Palaeoecological records of coral community development on a turbid, nearshore reef complex: baselines for assessing ecological change

Johnson, J.A., Perry, C.T., Smithers, S.G., Morgan, K.M., Santodomingo, N., and Johnson, K.G. (2017) Palaeoecological records of coral community development on a turbid, nearshore reef complex: baselines for assessing ecological change. Coral Reefs, 36 (3). pp. 685-700.

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Abstract

Understanding past coral community development and reef growth is crucial for placing contemporary ecological and environmental change within appropriate reef-building timescales. On Australia's Great Barrier Reef (GBR), coral reefs situated within coastal inner-shelf zones are a particular priority. This is due to their close proximity to river point sources, and therefore susceptibility to reduced water quality discharged from coastal catchments, many of which have been modified following European settlement (ca. 1850 AD). However, the extent of water quality decline and its impacts on the GBR's inner-shelf reefs remain contentious. In this study, palaeoecological coral assemblage records were developed for five proximal coral reefs situated within a nearshore turbid-zone reef complex on the central GBR. A total of 29 genera of Scleractinia were identified from the palaeoecological inventory of the reef complex, with key contributions to reef-building made by Acropora, Montipora, and Turbinaria. Discrete intervals pre- and post-dating European settlement, but associated with equivalent water depths, were identified using Bayesian age depth modelling, enabling investigation of competing ideas of the main drivers of nearshore coral assemblage change. Specifically, we tested the hypotheses that changes in the composition of nearshore coral assemblages are: (1) intrinsically driven and linked to vertical reef development towards sea level, and (2) the result of changes in water quality associated with coastal river catchment modification. Our records found no discernible evidence of change in the generic composition of coral assemblages relative to European settlement. Instead, two distinctive depth-stratified assemblages were identified. This study demonstrates the robust nature of nearshore coral communities under reported water-quality decline and provides a useful context for the monitoring and assessment of ecological change on reefs located within the most nearshore turbid zone environments of the central GBR.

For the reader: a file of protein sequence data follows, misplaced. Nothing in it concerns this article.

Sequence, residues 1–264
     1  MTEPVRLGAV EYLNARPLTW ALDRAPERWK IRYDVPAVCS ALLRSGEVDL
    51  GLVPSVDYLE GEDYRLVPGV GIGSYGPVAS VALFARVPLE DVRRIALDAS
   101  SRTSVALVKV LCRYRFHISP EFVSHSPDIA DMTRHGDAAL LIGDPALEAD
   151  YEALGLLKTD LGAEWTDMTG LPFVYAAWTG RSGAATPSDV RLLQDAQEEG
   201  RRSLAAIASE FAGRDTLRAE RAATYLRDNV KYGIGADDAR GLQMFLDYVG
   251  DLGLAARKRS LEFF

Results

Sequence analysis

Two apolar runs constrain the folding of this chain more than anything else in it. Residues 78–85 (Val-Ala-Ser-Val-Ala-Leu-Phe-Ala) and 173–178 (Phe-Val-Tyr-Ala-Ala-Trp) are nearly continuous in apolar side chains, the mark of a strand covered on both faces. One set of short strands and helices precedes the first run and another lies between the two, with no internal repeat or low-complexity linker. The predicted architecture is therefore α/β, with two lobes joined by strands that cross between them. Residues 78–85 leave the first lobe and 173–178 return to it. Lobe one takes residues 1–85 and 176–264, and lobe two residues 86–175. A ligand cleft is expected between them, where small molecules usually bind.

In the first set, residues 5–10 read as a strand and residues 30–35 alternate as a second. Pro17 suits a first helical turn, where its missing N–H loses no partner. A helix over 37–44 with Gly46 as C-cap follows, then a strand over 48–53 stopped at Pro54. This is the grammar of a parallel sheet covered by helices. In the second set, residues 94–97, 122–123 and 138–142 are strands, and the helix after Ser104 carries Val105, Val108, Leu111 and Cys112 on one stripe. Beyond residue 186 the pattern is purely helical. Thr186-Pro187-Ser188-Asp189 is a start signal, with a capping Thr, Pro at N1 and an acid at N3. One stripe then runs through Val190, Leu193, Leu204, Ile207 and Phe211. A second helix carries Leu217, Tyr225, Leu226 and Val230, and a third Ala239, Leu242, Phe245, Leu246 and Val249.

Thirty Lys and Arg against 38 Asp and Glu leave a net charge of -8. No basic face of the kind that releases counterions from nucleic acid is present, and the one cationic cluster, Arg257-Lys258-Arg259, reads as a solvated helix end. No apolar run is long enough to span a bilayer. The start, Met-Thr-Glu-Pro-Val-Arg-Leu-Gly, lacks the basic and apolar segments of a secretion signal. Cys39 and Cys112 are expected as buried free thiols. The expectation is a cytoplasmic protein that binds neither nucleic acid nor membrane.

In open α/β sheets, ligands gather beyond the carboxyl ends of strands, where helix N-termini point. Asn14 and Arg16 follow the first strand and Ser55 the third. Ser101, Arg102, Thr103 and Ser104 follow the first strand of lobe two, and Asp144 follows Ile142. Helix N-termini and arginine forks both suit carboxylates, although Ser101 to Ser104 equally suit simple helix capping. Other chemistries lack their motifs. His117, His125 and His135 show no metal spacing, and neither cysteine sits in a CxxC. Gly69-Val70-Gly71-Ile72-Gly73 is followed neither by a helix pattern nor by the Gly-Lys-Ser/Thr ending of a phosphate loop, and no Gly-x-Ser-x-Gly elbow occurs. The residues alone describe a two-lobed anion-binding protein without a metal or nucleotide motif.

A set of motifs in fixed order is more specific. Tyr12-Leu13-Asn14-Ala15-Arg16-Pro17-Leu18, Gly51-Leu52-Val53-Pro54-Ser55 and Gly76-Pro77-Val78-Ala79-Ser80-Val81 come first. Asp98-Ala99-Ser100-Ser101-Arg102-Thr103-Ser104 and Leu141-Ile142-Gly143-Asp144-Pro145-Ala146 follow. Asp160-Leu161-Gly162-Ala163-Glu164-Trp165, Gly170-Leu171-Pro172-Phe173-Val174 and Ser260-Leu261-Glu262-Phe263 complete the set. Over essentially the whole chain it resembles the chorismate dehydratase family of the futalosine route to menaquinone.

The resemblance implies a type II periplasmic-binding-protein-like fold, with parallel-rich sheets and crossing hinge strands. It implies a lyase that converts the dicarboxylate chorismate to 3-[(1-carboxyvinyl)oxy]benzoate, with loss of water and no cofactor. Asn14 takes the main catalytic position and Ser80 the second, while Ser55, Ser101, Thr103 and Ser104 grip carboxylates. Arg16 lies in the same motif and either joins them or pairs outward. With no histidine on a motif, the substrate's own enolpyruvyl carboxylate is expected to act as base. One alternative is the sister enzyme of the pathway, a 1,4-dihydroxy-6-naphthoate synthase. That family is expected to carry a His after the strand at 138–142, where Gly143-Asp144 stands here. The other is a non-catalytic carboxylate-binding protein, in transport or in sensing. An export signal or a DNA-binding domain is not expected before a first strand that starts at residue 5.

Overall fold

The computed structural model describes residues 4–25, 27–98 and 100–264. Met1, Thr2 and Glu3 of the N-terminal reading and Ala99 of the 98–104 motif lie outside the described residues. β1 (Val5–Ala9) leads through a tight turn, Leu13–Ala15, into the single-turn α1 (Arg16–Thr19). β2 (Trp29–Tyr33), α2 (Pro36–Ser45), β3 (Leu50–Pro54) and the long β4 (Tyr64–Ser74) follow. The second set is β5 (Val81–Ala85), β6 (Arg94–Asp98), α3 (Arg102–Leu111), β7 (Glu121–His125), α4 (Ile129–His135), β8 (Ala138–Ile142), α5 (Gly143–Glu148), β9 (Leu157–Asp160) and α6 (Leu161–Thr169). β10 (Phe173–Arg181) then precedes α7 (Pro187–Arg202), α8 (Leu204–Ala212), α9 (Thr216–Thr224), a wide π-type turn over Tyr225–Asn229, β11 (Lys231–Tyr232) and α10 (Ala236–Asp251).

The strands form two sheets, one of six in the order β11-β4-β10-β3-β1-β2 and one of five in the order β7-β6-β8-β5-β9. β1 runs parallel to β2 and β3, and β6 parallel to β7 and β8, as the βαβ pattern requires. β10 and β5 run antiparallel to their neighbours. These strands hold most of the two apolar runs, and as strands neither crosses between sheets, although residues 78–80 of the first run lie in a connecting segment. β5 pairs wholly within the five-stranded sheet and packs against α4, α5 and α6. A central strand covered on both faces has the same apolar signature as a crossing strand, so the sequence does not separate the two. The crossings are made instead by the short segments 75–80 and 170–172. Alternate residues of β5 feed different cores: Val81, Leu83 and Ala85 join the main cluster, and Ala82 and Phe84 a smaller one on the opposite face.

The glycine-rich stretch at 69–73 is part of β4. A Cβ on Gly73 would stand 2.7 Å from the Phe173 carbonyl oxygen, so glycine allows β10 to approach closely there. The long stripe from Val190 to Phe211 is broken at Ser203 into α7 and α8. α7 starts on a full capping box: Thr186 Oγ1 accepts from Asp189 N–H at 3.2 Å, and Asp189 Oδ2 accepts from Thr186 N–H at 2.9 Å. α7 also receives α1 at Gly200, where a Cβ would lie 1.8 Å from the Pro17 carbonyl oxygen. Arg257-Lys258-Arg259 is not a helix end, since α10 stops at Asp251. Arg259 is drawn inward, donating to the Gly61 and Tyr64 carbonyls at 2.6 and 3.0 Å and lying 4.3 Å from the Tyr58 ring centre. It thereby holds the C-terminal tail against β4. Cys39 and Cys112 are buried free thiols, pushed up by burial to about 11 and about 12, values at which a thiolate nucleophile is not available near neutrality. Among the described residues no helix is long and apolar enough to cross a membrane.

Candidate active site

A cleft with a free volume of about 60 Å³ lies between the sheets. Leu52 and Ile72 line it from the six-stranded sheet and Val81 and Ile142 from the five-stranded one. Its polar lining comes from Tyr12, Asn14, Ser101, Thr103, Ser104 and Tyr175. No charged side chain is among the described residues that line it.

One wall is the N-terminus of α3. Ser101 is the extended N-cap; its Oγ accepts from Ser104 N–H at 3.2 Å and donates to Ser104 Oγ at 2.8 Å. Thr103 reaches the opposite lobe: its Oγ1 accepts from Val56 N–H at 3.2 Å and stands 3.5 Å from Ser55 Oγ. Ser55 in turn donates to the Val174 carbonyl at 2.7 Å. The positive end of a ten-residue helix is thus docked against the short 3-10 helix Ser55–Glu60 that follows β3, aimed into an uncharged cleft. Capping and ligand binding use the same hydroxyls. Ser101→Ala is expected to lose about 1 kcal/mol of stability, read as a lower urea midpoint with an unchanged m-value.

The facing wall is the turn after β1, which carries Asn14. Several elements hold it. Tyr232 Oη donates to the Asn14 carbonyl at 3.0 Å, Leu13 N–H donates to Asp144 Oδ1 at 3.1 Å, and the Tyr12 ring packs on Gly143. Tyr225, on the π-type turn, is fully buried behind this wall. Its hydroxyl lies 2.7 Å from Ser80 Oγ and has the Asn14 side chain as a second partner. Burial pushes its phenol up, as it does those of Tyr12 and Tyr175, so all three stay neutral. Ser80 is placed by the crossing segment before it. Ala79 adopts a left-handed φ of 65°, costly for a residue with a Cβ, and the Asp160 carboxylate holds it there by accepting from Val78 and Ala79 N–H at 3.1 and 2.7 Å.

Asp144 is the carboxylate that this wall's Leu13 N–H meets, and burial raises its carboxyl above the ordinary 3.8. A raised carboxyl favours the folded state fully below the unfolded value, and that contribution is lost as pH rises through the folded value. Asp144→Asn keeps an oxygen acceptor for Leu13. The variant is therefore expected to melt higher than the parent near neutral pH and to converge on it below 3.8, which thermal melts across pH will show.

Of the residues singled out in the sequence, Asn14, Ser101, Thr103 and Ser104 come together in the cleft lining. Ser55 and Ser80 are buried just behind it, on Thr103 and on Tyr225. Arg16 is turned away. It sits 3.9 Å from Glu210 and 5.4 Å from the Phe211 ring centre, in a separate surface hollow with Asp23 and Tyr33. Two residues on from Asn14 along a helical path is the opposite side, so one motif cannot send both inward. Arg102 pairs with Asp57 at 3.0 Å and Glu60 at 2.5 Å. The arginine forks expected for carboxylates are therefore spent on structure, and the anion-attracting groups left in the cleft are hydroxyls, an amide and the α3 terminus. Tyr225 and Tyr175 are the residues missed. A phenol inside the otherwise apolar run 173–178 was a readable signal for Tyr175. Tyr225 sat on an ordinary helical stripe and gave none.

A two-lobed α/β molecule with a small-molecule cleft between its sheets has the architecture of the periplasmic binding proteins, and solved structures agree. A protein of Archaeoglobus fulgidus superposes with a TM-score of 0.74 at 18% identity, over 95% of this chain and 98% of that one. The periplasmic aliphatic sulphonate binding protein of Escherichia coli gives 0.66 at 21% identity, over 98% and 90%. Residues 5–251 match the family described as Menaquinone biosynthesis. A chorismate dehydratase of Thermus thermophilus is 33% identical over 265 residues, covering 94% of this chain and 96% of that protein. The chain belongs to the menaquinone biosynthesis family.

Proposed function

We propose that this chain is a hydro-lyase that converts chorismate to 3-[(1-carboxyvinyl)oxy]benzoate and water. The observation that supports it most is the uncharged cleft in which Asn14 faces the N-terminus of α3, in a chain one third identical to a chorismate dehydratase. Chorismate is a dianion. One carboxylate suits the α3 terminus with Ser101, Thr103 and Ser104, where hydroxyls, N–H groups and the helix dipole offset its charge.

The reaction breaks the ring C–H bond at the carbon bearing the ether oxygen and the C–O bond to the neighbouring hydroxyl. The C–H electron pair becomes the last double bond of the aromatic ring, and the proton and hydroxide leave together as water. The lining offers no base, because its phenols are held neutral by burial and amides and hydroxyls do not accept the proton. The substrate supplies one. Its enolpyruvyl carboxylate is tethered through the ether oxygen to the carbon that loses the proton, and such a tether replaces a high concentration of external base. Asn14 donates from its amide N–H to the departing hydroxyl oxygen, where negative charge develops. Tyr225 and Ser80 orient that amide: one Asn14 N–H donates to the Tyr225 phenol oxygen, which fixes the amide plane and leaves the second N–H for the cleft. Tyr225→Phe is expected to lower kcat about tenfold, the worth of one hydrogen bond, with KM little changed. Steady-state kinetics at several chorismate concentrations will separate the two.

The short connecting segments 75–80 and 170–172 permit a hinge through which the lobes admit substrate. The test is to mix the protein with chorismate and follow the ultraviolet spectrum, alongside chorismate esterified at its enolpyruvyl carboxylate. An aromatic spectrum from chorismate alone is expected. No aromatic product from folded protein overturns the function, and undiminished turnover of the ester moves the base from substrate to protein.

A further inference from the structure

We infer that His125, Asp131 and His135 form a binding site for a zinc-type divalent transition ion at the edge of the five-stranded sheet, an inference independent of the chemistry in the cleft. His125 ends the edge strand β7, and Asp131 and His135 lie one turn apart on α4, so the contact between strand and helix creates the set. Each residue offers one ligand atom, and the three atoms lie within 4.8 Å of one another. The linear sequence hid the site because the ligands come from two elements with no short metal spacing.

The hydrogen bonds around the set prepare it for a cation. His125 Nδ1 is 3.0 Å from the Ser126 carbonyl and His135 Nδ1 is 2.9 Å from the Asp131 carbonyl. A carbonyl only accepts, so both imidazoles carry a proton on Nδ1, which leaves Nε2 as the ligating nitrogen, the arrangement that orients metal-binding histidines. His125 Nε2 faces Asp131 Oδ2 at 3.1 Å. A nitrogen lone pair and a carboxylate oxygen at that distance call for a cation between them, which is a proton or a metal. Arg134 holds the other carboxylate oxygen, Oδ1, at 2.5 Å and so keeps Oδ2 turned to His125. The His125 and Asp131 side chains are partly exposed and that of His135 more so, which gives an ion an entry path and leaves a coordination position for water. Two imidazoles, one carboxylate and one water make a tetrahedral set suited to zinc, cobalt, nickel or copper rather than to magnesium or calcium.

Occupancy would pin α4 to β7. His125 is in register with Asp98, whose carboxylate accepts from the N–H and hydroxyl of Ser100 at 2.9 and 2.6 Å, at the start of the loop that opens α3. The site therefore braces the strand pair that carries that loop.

Item ID: 50283
Item Type: Article (Refereed Research - C1)
Keywords: ecological baselines, European settlement, Great Barrier Reef, inner shelf, palaeoecology, water quality
Additional Information:

This article is distributed under the terms of the Creative Commons Attribution 4.0 International License (http://creativecommons.org/licenses/by/4.0/), which permits unrestricted use, distribution, and reproduction in any medium, provided you give appropriate credit to the original author(s) and the source, provide a link to the Creative Commons license, and indicate if changes were made.

ISSN: 1432-0975
Funders: Natural Environment Research Council (NERC)
Projects and Grants: NERC NE/J023329/1
Date Deposited: 20 Sep 2017 07:33
FoR Codes: 06 BIOLOGICAL SCIENCES > 0602 Ecology > 060205 Marine and Estuarine Ecology (incl Marine Ichthyology) @ 50%
04 EARTH SCIENCES > 0405 Oceanography > 040503 Physical Oceanography @ 50%
SEO Codes: 96 ENVIRONMENT > 9699 Other Environment > 969902 Marine Oceanic Processes (excl. Climate Related) @ 100%
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